ITTC Project


A Case Reflective Negotiation Model

Project Award Date: 06-16-1999



Description

Teams of agents representing independent, and often competitive, resource constraints must negotiate with one another to ensure that good enough solutions are provided soon enough to be useful. Negotiations concerning a single resource allocation are challenging enough, but a real solution to the real problem must consider how to conduct negotiations and allocate multiple resources to multiple consumers under a wide range of constraints. The problem is further complicated by the fact that while the teams are autonomous, they are not independent. This is due to the interaction of allocation problems with the consumption of time and computer resources during the negotiation process (which can affect the resources available to consumers).

This work uses case-based reasoning (CBR) to recall an appropriate negotiation strategy that the program knows has worked in the past, and this strategy defines the evaluation metrics, and the real-time constraints. The actual negotiating process is performed in a heuristic fashion and guided by CBR and utility theory. Multivalued-utility theory relates satisfaction and preference criteria to the possible negotiation strategies and selects the one that optimizes these criteria while minimizing risky behavior by the autonomous negotiating agent.

We also use a real-time system presenting a sophisticated programming model enabling reflective and adaptive behavior on the part of the agents. Reflective behavior refers to the action of the agents, which must be controlled, in part, in reaction to system conditions that they themselves change. Support for reflection enables teams of negotiating agents to monitor and control their own progress as well as to adapt their future behavior in response to previous performance.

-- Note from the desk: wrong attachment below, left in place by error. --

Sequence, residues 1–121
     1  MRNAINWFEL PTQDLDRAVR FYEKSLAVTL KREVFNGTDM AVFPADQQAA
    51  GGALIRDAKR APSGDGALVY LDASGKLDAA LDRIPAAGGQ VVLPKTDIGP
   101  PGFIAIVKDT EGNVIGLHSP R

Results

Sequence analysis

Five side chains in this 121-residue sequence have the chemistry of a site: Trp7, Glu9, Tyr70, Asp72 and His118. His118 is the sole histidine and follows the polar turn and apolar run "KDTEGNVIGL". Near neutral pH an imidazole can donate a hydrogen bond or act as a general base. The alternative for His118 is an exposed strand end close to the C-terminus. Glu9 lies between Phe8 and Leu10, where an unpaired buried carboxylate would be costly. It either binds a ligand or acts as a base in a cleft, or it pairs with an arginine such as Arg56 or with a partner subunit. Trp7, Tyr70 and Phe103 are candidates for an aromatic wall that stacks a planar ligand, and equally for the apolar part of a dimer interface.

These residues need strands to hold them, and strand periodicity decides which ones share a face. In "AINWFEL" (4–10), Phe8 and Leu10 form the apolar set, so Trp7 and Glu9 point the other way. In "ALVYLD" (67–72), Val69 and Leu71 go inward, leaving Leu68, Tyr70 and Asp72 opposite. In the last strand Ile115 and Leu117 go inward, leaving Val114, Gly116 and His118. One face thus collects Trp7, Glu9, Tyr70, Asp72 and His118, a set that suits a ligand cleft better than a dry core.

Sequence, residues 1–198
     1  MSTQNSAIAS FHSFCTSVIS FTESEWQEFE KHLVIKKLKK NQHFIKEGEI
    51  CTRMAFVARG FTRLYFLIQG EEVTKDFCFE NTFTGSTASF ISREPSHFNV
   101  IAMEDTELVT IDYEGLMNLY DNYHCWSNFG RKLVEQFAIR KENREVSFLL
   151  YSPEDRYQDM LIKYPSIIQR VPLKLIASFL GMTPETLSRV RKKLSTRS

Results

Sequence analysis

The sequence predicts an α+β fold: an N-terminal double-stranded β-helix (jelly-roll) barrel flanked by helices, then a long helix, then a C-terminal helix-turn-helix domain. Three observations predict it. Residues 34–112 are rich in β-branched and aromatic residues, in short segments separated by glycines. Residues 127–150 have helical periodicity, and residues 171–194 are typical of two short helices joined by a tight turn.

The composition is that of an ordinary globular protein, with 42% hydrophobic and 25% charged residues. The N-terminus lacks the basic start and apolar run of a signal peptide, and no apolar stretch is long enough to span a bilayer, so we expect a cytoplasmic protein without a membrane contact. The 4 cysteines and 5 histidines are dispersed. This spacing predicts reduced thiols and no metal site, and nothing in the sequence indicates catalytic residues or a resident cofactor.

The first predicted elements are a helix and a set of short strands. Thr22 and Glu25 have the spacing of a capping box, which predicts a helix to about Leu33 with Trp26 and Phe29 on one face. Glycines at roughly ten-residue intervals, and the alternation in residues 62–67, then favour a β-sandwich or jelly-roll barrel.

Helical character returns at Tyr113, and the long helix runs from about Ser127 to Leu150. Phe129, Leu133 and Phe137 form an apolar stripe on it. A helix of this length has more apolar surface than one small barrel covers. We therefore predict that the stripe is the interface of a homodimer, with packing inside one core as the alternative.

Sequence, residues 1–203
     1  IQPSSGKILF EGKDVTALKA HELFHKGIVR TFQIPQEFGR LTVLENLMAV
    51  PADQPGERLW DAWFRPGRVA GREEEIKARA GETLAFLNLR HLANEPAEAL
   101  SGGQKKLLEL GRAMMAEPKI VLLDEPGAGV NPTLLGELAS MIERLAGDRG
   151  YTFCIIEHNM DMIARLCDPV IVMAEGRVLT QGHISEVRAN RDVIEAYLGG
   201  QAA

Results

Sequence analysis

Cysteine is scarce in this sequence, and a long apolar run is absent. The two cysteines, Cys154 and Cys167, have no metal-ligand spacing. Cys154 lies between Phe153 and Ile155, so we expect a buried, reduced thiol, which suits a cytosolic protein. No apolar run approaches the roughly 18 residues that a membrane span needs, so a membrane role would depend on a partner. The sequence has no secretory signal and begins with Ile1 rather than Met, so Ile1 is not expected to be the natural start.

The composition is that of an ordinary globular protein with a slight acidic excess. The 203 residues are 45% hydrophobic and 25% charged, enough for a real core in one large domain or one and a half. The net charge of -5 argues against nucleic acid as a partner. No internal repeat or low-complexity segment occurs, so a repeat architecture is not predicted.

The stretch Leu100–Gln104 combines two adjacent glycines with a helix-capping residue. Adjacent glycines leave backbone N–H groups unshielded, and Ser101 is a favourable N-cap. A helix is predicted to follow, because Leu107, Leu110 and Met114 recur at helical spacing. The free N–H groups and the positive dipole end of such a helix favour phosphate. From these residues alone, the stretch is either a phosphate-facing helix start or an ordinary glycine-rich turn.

Another aspect of support for reflection and adaptation takes the form in an adaptable feedback profile. The agent specifies the type of information it requires, which the system then provides. The reflective interface also supports negotiation among different teams for computational resources.


Investigators

Faculty Investigator(s): Costas Tsatsoulis (PI), Douglas Niehaus, Jerry James, Jerry James (PI)

Student Investigator(s): Jacob Woltersdorf, Huseyin Sevay, Michael Frisbie, Praveen Sirivolu, Michele VanDyne, Kalyana Koka, Ping Yang, Brad Johnsmeyer, Chia-chi Chang, Dushyanth Nataraj


Project Sponsors


Primary Sponsor(s): U.S. Air Force


Partner with ITTC

The Information and Telecommunication Technology Center at the University of Kansas has developed several assistance policies that enhance interactions between the Center and local, Kansas, or national companies. 

ITTC assistance includes initial free consulting (normally one to five hours). If additional support is needed, ITTC will offer one of the following approaches: 

Sponsored Research Agreement

Individuals and organizations can enter into agreements with KUCR/ITTC and provide funds for sponsored research to be performed at ITTC with the assistance of faculty, staff and students.

Licensing and Royalty/Equity Agreement

An ITTC goal is the development of investment-grade technologies for transfer to, and marketing by, local, Kansas, and national businesses. To enhance this process, the Center has developed flexible policies that allow for licensing, royalty, and equity arrangements to meet both the needs of ITTC and the company.

Commercialization Development

Companies with a technology need that can be satisfied with ITTC's resources can look to us for assistance. We can develop a relationship with interested partners that will provide for the development of a technology suited for commercialization.

ITTC Resource Access

ITTC resources, including computers and software systems, may be made available to Kansas companies in accordance with the Center's mission and applicable Regents and University policies.

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